Internationally renowned botanist from Suffolk, Bill Sykes, has died aged 90
- Credit: Archant
A renowned botanist from Suffolk who became a leading mind in the study of flora worldwide has died at the age of 90.
Bill Sykes, who was born in Suffolk but lived in Christchurch, New Zealand, died at the Nurse Maude Hospice in Christchurch on January 5.
The celebrated plant-lover trained at the seed nursery Thompson and Morgan in Ipswich, after being inspired into the industry during a primary school competition to collect and record wild flowers and plants.
He carried out expeditions in the Himalayas in the 1950s, representing the Royal Horticultural Society to collect specimens for the British Museum, before moving to New Zealand in 1961 to join the Botany Division of the then-named Department of Scientific and Industrial Research.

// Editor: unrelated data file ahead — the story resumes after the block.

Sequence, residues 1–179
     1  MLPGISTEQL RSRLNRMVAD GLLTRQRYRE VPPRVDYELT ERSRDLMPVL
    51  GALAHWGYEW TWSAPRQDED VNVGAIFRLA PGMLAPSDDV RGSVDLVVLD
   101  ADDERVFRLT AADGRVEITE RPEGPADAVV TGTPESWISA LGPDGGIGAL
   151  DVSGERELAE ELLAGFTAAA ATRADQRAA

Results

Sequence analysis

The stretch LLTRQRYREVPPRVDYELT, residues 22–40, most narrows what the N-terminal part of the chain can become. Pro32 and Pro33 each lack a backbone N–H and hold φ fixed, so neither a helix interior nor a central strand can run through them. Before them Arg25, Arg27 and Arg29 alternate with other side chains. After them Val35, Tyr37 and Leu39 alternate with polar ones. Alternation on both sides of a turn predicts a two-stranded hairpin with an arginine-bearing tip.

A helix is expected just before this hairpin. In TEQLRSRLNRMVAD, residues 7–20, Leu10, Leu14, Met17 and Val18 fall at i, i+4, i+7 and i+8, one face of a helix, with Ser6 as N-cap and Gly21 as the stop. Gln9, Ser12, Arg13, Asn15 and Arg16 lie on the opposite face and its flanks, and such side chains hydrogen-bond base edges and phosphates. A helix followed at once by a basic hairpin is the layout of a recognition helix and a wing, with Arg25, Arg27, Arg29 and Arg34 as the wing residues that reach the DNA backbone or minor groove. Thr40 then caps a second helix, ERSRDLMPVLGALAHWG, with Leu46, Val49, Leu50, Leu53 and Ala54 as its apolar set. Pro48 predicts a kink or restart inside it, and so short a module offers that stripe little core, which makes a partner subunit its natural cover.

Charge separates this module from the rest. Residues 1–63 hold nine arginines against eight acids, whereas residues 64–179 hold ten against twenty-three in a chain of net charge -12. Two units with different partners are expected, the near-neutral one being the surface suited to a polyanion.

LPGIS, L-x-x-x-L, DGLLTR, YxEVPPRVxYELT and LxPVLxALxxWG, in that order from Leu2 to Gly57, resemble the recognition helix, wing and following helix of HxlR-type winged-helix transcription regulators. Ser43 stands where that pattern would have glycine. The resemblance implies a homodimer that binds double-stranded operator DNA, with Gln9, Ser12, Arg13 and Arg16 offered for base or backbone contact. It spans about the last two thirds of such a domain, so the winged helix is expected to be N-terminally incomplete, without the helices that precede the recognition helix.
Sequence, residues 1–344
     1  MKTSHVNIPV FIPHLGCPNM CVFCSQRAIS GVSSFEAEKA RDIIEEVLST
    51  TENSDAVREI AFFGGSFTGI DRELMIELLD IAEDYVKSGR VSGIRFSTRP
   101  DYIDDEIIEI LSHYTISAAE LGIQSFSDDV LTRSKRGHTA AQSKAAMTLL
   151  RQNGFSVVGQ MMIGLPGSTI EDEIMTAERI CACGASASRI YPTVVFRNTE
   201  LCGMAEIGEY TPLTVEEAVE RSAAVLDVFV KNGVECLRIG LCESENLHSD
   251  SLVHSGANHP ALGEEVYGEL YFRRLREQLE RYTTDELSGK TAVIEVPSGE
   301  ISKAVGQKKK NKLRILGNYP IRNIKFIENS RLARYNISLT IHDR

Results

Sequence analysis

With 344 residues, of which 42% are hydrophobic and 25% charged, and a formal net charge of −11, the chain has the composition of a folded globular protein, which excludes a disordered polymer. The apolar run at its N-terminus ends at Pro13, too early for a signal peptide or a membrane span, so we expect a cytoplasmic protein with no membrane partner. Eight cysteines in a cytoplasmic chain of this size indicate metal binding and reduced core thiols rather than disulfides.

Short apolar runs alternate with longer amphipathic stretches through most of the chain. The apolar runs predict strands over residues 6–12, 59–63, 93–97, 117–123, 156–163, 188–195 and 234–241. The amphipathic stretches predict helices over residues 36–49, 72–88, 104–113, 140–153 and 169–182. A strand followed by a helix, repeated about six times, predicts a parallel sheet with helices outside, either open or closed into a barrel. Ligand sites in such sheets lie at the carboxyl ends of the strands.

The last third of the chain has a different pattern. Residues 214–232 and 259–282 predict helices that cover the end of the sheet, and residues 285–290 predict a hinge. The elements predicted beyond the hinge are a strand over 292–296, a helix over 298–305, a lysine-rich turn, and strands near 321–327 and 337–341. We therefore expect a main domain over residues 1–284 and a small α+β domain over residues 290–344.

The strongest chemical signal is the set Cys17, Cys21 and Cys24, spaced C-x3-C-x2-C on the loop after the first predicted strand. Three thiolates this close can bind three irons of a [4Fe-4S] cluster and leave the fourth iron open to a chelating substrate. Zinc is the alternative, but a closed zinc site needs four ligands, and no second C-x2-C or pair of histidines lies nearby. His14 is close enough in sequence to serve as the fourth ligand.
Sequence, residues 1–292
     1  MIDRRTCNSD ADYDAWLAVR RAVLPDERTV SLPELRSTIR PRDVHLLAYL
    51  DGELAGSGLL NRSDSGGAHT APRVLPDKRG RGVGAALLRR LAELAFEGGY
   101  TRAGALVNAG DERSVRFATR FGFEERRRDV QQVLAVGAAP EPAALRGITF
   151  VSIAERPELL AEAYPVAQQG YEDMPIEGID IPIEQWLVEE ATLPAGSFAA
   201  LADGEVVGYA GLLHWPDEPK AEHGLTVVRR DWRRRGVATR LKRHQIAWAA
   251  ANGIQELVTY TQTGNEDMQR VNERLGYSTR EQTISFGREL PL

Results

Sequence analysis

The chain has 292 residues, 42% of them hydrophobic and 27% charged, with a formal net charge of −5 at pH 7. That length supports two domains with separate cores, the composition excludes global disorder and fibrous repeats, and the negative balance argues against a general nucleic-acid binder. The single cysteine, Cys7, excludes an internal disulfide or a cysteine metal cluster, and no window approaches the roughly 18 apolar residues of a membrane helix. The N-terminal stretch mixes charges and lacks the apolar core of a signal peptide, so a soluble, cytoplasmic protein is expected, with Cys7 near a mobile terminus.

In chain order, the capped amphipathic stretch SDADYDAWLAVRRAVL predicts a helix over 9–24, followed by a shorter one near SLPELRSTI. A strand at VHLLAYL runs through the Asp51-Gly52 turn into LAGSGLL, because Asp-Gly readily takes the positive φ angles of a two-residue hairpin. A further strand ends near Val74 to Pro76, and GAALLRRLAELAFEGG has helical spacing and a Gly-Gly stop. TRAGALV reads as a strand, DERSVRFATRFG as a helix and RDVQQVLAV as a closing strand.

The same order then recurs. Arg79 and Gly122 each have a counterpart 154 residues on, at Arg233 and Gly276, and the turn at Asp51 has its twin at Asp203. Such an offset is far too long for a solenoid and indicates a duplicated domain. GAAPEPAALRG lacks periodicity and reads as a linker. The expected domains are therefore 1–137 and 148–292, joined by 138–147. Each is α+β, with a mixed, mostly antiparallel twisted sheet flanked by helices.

His expertise was included in several books, as well as being a contributing editor of the Flora of New Zealand online journal.
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Hie work was recognised when he was made an Officer of the New Zealand Order of Merit.
A number of species are also named in his honour.
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Paul Masters, head of horticulture at Thompson and Morgan said: “Whilst we have a number of long-serving employees at Thompson & Morgan, none of them were here when Bill was!
“We were thrilled to discover the piece about his long and adventurous life after his horticultural training at T&M here in Ipswich.
“The company is very proud of its expert horticultural tradition and is currently in discussion with the Royal Horticultural Society regarding the development of a joint apprenticeship scheme.”
A funeral service was held on January 9 at the John Rhind Chapel in Christchurch, and is survived by his wife Peggy Kelly, son Julian, daughter Claire, step-children Katrinka, Justin and Louise, and grand-daughter Amelia.
Speaking to New Zealand’s The Press, Julian Sykes said: “Dad was very much into adventure and we had a lot of fun together, he was keen for us to get out there and explore and experience different things.
“He was very mindful of other people’s feelings and points of view, he was a great moderator.
“It was very good for us in terms of building relationships.”